I would like to clarify some issues Dr Tirtha Raj Khaniya has raised in his article
“Restructuring school education: Sound thinking or wild fantasy?” (THT, June 12). Firstly, the article points out various weaknesses of HSEB. But during Khaniya’s four-year tenure at HSEB as its vice-chairman, it is a well known fact that HSEB was not able to establish its institutional credentials. But following his departure, HSEB has been running smoothly, and,
at present, it is totally free from any political interference. I do believe that HSEB has its weak
spots and plenty of room for improvement. But the article clearly reflects the writer’s hurt ego
regarding the functioning of HSEB, both during and after his tenure.
Secondly, his article implies that keeping classes 11 and 12 within the secondary framework, thus leaving them to the whims of bureaucrats, is the best option. But HSEB is of the view that classes 9-12 should be integrated, made autonomous and, most importantly, be guided by academicians instead of bureaucrats. Finally, it is shameful that the writer, who is supposed to be a credible educationist, should bring political grievances into education policy — something which affects the whole nation — and call the stakeholders’ views a “wild fantasy”.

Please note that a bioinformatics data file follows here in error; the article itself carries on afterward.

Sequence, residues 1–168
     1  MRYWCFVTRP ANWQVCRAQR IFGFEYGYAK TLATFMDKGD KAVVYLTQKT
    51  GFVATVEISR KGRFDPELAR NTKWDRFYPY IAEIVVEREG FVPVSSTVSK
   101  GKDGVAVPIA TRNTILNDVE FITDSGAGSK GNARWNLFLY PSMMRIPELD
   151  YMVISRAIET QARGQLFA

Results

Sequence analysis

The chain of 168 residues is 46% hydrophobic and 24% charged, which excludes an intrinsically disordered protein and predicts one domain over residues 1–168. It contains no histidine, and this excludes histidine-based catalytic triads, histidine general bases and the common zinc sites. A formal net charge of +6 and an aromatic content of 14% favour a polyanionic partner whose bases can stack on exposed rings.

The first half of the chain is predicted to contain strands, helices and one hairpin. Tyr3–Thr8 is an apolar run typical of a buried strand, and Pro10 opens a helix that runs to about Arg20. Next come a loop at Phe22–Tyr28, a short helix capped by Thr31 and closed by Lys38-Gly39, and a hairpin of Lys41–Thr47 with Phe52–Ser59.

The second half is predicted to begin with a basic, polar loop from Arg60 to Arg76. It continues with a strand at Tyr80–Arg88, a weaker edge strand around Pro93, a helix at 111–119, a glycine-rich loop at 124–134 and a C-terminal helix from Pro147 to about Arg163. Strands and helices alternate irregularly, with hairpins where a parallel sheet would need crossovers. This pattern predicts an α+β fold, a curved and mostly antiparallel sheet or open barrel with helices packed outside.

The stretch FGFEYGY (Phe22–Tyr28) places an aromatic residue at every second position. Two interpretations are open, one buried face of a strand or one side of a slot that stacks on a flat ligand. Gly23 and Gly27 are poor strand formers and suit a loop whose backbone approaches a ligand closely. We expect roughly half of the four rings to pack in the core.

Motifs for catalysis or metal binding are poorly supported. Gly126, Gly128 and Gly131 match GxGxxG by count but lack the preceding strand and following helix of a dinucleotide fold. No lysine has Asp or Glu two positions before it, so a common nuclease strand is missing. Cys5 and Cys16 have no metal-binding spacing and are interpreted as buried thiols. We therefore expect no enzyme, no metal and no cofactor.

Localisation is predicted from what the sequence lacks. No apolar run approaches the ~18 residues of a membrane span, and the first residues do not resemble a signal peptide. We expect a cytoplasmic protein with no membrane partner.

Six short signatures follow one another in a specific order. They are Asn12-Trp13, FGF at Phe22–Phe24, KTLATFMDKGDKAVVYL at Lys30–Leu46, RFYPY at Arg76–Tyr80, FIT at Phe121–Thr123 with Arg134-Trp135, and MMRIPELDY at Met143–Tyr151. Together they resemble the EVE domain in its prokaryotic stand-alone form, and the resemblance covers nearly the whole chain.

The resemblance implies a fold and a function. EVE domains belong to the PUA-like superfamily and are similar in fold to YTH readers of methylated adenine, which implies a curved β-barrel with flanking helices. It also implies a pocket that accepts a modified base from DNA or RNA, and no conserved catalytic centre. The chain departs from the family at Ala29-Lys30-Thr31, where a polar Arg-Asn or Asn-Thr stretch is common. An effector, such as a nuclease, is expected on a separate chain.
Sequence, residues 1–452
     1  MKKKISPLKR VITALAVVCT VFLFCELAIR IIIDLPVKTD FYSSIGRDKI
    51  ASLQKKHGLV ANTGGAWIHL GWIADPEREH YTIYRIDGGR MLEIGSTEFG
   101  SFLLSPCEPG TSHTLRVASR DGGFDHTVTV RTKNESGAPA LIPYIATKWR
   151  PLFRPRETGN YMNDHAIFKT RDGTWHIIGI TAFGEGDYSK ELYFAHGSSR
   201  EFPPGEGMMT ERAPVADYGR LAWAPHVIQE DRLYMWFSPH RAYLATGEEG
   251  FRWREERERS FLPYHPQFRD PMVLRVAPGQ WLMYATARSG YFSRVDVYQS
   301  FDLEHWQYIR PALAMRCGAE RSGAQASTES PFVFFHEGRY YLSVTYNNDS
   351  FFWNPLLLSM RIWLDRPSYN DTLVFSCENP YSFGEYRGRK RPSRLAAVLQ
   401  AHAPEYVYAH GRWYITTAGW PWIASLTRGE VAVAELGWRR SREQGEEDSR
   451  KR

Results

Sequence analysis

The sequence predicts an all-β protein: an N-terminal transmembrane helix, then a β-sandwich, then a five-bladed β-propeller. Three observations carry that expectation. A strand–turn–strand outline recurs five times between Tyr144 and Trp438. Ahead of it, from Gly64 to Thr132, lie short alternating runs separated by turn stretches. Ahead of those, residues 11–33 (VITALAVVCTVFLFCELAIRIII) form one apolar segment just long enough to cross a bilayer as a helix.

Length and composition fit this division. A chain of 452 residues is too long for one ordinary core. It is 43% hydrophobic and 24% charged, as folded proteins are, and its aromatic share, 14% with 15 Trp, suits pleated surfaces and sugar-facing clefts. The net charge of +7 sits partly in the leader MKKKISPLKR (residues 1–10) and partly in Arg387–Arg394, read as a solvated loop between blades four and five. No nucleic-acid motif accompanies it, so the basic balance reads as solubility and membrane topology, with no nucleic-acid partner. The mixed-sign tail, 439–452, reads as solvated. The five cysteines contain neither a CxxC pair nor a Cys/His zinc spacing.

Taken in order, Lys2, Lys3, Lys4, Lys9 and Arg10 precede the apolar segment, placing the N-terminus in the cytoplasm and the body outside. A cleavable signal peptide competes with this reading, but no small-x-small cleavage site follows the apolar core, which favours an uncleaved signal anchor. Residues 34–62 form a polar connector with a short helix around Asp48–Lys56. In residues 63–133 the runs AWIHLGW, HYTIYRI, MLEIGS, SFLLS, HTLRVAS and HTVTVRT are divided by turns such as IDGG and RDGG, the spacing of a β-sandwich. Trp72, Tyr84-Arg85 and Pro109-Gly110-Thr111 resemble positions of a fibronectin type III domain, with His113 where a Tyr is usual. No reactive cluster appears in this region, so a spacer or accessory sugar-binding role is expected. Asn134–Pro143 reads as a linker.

Narayan Prasad Koirala, Chief, Planning and Monitoring Division, HSEB
This refers to the editorial “Meaty question” (THT, June 11). Let us hope that the Meat and Slaughterhouse Act, 2055 BS will be implemented in earnest now that the Veterinary Public Health Office (VPHO), under the directive of chief Dr Bodh Prasad Adhikari, has prepared the
Slaughterhouse and Meat Inspection Technical Directive, 2007. This was long time in coming. Now that Nepal is a member of the WTO, it has become mandatory for implement the Act if the country hopes to export meat products.
Dr Sital Kaji Shrestha, Asst. Lecturer, HICAST
I wonder why rhino poaching continues in Chitwan National Park. The rhinoceros is a rare
animal and a big tourist attraction. But by the look of things, the future generation may be able to see this beautiful animal only in textbooks. Losing rhinos is losing an important national heritage. Hence, saving the rhino should receive high priority.
Shiva Neupane, via e-mail
Every year, thousands of Nepali students looking to study in English-speaking countries (chiefly the US, the UK and Australia) take proficiency examinations like IELTS, TOEFL, SAT, GRE and GMAT. They spend a good amount of money while preparing for these courses. The examination fees are quite high too. I have no problem with the registration and exam fees. But in case a student loses his score sheet, he has to pay extra to get another copy. Moreover, the more colleges and universities the scores are to be sent to, the higher the charges. Especially for IELTS, the British Council has been charging very high fees that moreover, go up every year. The British Council, though registered as a “charity” in the United Kingdom, acts like a purely commercial organisation.
Sangita Maharjan, via e-mail